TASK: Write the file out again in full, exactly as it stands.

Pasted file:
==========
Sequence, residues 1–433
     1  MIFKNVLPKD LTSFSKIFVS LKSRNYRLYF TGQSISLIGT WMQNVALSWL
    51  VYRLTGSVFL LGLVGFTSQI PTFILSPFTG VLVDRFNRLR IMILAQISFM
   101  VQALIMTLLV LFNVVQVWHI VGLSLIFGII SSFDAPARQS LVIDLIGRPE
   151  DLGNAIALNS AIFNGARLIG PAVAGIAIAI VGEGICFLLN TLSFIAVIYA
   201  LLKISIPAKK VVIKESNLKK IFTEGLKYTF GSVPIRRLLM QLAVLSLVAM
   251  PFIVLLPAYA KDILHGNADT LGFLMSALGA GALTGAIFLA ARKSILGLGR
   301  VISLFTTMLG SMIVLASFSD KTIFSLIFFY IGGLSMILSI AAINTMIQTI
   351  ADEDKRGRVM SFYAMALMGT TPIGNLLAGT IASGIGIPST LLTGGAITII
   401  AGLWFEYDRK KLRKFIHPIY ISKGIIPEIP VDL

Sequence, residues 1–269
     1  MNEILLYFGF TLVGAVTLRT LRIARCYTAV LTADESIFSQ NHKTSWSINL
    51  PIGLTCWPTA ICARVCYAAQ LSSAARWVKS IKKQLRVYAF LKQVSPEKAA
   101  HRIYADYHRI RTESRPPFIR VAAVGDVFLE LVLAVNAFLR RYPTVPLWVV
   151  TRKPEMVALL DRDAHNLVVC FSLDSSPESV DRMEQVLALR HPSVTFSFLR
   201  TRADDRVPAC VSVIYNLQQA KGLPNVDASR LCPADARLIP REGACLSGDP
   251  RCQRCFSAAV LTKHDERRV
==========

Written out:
Sequence, residues 1–433
     1  MIFKNVLPKD LTSFSKIFVS LKSRNYRLYF TGQSISLIGT WMQNVALSWL
    51  VYRLTGSVFL LGLVGFTSQI PTFILSPFTG VLVDRFNRLR IMILAQISFM
   101  VQALIMTLLV LFNVVQVWHI VGLSLIFGII SSFDAPARQS LVIDLIGRPE
   151  DLGNAIALNS AIFNGARLIG PAVAGIAIAI VGEGICFLLN TLSFIAVIYA
   201  LLKISIPAKK VVIKESNLKK IFTEGLKYTF GSVPIRRLLM QLAVLSLVAM
   251  PFIVLLPAYA KDILHGNADT LGFLMSALGA GALTGAIFLA ARKSILGLGR
   301  VISLFTTMLG SMIVLASFSD KTIFSLIFFY IGGLSMILSI AAINTMIQTI
   351  ADEDKRGRVM SFYAMALMGT TPIGNLLAGT IASGIGIPST LLTGGAITII
   401  AGLWFEYDRK KLRKFIHPIY ISKGIIPEIP VDL

Sequence, residues 1–269
     1  MNEILLYFGF TLVGAVTLRT LRIARCYTAV LTADESIFSQ NHKTSWSINL
    51  PIGLTCWPTA ICARVCYAAQ LSSAARWVKS IKKQLRVYAF LKQVSPEKAA
   101  HRIYADYHRI RTESRPPFIR VAAVGDVFLE LVLAVNAFLR RYPTVPLWVV
   151  TRKPEMVALL DRDAHNLVVC FSLDSSPESV DRMEQVLALR HPSVTFSFLR
   201  TRADDRVPAC VSVIYNLQQA KGLPNVDASR LCPADARLIP REGACLSGDP
   251  RCQRCFSAAV LTKHDERRV